Freeport, Indonesia make peace: copper exports to resume in August
Indonesia signed Friday a new mining-contract with Freeport-McMoRan Copper & Gold (NYSE:FCX) that will allow the local subsidiary to resume copper-concentrate exports after six months of standstill.
The deal is expected to pave the way for other miners, such as fellow US-based Newmont Mining (NYSE:NEM) to reach an agreement that solves the long-dragged row over restrictions on mineral exports imposed by Indonesia in January.
Under the deal, Freeport Indonesia will pay higher royalties, build a smelter and pay tax on copper concentrate exports. Meanwhile, its parent Freeport Mc-MoRan said in a statement it will sell around 20% of its stake in the Indonesian unit to a local investors in coming years.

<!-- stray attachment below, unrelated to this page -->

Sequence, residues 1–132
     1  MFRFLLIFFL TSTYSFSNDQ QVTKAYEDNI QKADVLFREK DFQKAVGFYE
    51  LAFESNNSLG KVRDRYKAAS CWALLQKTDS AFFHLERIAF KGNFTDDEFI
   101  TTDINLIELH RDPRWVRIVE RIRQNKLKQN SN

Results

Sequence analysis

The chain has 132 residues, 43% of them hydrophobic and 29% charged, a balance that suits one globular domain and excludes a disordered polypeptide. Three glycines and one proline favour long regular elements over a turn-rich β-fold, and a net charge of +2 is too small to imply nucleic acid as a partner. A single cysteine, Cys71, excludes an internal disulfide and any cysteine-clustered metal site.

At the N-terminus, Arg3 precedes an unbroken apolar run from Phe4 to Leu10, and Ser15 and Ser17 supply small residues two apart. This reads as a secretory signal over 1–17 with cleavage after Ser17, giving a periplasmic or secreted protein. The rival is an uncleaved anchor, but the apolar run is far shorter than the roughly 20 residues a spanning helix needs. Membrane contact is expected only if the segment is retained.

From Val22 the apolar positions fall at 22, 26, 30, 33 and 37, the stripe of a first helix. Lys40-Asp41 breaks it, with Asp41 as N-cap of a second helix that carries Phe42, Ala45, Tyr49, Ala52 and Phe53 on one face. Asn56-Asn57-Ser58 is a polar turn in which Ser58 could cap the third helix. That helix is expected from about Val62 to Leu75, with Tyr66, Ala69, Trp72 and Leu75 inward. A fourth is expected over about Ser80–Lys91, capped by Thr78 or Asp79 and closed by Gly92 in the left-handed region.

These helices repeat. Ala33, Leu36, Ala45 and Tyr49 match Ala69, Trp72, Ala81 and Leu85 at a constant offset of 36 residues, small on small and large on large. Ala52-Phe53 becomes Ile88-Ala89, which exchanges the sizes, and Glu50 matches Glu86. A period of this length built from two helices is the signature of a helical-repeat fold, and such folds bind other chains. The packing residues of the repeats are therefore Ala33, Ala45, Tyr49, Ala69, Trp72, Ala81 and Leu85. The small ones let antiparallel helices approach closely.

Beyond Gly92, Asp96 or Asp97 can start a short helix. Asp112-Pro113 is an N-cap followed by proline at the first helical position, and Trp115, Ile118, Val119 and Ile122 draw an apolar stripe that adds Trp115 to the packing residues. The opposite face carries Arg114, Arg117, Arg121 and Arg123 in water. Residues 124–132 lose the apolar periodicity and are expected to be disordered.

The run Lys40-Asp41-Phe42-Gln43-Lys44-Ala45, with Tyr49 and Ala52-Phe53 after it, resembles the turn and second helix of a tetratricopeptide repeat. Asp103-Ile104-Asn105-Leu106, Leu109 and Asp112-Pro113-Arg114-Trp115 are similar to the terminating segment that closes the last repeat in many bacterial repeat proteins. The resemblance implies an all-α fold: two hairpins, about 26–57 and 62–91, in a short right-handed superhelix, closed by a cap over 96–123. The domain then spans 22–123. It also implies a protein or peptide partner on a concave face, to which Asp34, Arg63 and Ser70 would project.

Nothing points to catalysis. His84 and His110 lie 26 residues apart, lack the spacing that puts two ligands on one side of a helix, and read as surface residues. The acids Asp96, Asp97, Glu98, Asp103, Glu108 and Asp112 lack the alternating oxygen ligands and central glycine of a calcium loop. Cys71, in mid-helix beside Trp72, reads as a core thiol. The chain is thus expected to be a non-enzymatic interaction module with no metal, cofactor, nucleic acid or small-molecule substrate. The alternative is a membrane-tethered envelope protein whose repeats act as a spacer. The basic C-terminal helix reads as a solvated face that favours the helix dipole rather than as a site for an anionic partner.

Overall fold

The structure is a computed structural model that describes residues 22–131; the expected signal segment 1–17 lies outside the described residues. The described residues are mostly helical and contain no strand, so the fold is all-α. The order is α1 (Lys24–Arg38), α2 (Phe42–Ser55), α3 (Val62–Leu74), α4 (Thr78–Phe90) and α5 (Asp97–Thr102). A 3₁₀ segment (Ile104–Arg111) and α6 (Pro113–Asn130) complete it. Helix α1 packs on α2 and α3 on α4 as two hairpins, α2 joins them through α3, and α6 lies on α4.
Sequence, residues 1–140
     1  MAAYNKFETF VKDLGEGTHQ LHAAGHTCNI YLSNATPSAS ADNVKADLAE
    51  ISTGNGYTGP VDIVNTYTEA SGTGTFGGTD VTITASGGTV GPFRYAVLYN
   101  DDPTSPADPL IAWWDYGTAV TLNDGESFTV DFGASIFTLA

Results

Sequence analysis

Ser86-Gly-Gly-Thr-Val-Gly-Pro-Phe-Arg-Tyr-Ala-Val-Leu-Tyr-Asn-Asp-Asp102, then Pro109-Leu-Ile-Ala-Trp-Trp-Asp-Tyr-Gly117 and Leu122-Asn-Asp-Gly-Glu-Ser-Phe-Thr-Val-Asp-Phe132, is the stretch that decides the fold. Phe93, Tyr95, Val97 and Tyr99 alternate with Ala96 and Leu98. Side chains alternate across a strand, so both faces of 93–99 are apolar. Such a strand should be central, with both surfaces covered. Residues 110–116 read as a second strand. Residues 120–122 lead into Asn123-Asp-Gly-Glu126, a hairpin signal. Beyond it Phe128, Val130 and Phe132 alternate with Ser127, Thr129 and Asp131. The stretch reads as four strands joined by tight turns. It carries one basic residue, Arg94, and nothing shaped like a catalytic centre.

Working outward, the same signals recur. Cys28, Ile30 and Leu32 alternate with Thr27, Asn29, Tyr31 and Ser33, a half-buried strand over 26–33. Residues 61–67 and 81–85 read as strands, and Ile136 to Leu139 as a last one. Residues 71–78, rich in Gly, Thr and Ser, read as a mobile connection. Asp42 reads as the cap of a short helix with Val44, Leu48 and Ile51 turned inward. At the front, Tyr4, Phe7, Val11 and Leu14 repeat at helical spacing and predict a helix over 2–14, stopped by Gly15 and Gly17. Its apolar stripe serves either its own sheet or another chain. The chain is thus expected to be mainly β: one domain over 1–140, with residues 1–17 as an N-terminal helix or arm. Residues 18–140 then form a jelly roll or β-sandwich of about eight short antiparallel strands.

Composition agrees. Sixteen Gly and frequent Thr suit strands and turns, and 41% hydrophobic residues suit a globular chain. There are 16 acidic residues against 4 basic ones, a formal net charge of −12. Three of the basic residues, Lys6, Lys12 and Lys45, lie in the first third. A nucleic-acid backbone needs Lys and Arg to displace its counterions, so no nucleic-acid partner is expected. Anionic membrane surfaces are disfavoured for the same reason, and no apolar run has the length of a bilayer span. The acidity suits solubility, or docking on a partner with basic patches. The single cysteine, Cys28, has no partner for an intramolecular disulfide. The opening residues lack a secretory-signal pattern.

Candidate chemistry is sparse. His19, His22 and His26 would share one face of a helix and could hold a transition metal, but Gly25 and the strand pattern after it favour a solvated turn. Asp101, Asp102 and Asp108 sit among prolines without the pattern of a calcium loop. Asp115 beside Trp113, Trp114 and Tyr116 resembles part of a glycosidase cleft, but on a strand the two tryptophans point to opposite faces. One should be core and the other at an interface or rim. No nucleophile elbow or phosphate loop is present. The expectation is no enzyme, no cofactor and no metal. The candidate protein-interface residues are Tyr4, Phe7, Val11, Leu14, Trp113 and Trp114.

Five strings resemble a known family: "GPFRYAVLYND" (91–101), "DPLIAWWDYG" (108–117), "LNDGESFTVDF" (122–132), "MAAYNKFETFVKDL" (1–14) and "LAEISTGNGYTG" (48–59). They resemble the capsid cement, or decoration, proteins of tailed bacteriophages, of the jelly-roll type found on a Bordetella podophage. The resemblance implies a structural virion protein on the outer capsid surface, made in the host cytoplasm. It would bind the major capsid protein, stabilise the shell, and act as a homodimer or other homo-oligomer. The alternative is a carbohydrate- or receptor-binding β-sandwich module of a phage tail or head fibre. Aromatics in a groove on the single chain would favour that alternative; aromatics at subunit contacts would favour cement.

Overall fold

As part of today's deal, the government reduced Freeport's copper concentrate export tax to 7.5% from 25%, which will be completely phased out when a planned smelter is one-third completed, said Sukhyar, the coal and minerals director general.
Indonesia introduced restrictions on export of unprocessed minerals in a bid to increase local processing in Southeast Asia's largest economy.
This week the country allowed two miners to resume exporting iron ore, lead and zinc concentrates.
Freeport Indonesia Chief Executive Rozik Soetjipto recently revealed the company plans to invest $7.1 billion in Grasberg if the government extends its contract by 20 years. This is on top of $9.8 billion it plans to spend between 2012 and 2021.